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Haiti hip-hop benefit concert raises $1,200
Alex Morales
Antelope Staff
Photos by Kevin Whetstone
Lyricist J. Carter spits rhymes as UNKs Eli Axcess Hammond provides the hype for swarms of fans who turned up for i9 Records fundraising concert at the Garage last Thursday. The Help for Haiti benefit show was put on in order to support the victims of the disastrous earthquakes that leveled Haiti just over a month ago.
Photo by Kevin Whetstone
Swarms of people come together for cold drinks and good music during the Help for Haiti benefit show held at the Garage in downtown Kearney last Thursday. The event featured five lyricists including UNKs own Eli Axcess Hammond and has raised over $1,200 in relief support funds for Haiti since the nation was leveled by earthquakes last month.

Just over a month after the catastrophic earthquakes struck and leveled southern Haiti, downtown Kearney brewed a rumble of its own. This time, however, it was in efforts to help the country get back on its feet.

The Garage, located just off the bricks at 15 E 24th St., opened its doors to i9 Records, and they did the rest.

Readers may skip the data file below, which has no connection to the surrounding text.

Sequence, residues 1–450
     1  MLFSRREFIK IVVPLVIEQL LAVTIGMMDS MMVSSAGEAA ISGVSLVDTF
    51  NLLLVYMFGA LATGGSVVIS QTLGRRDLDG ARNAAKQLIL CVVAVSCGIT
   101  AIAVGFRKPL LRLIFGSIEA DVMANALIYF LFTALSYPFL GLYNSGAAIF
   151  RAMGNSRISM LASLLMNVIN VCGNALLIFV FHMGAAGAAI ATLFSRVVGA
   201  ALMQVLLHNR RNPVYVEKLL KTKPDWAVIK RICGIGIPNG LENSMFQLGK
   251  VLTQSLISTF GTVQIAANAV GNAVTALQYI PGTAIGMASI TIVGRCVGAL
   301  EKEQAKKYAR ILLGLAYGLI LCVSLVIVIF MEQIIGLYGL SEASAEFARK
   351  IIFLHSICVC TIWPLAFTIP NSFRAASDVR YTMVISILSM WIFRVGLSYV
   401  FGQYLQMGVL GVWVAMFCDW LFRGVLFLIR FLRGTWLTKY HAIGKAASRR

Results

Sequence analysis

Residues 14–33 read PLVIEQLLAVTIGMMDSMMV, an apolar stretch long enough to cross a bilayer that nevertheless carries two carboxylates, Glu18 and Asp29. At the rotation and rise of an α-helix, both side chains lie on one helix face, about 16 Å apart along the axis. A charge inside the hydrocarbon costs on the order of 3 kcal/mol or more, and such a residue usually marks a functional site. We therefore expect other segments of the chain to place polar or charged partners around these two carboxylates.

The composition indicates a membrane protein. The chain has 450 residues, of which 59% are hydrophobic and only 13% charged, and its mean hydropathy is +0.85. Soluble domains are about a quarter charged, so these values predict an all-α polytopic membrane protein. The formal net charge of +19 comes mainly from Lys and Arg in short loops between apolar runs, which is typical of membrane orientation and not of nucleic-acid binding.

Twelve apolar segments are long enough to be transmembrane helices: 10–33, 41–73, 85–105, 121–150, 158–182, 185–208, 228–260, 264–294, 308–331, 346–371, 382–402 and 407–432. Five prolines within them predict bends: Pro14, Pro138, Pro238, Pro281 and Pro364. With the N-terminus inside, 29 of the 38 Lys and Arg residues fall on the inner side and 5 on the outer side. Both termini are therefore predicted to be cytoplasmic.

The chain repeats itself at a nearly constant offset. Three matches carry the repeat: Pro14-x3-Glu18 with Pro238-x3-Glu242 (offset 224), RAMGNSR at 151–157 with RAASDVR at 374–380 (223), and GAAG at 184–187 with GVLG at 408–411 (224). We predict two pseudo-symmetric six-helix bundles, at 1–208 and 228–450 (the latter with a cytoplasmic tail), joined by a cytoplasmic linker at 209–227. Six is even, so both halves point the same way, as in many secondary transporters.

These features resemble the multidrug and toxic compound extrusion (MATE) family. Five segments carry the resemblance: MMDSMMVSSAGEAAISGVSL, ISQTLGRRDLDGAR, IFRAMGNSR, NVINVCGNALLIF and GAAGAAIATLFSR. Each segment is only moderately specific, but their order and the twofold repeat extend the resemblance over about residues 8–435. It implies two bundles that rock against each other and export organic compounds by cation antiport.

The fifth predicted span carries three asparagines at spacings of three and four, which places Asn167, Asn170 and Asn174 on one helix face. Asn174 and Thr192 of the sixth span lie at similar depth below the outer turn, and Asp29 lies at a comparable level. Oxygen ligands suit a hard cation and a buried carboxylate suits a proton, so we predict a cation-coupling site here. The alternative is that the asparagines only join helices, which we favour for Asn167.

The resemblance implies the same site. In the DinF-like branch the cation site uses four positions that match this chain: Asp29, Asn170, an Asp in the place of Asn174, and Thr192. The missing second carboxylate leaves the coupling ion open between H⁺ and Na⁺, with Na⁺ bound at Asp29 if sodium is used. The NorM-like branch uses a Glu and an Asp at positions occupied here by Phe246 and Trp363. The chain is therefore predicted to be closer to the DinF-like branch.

Starting at 9 p.m. last Thursday, an energetic crowed started to flow as the “Help for Haiti” benefit concert got underway.

The show featured several artists including UNK’s own Eli “Axcess” Hammond. “The CEO of my record label has Haitian ties, so we decided to put on some shows in an effort to raise money for Haiti,” Hammond said.

Pizzie, CEO of i9 Records was present at the concert as well. His father was born in Haiti and moved to the U.S. when he was 20 years old. “Once we heard about the earthquake we were all rather devastated, so now we are doing as much as possible to help out,” Pizzie said.

As the crowd kept flowing so did the rhymes from five different hip-hop artists. The concert featured four new songs from Pizzie’s new mix tape, R.I.P. Blank.

High spirits, cold drinks and a hip-hop atmosphere kept the crowd uplifted well into the night.

Scott Anderson, a senior from Burwell, enjoyed himself at the concert. “It’s nice seeing a little variety of music. Most people wouldn’t expect a hip-hop concert in Kearney, plus it’s for a good cause,” he said.

Thousands of miles away and a month later, this hip-hop aftershock brought in nearly $1,200, all of which will be donated towards the Haiti relief effort.

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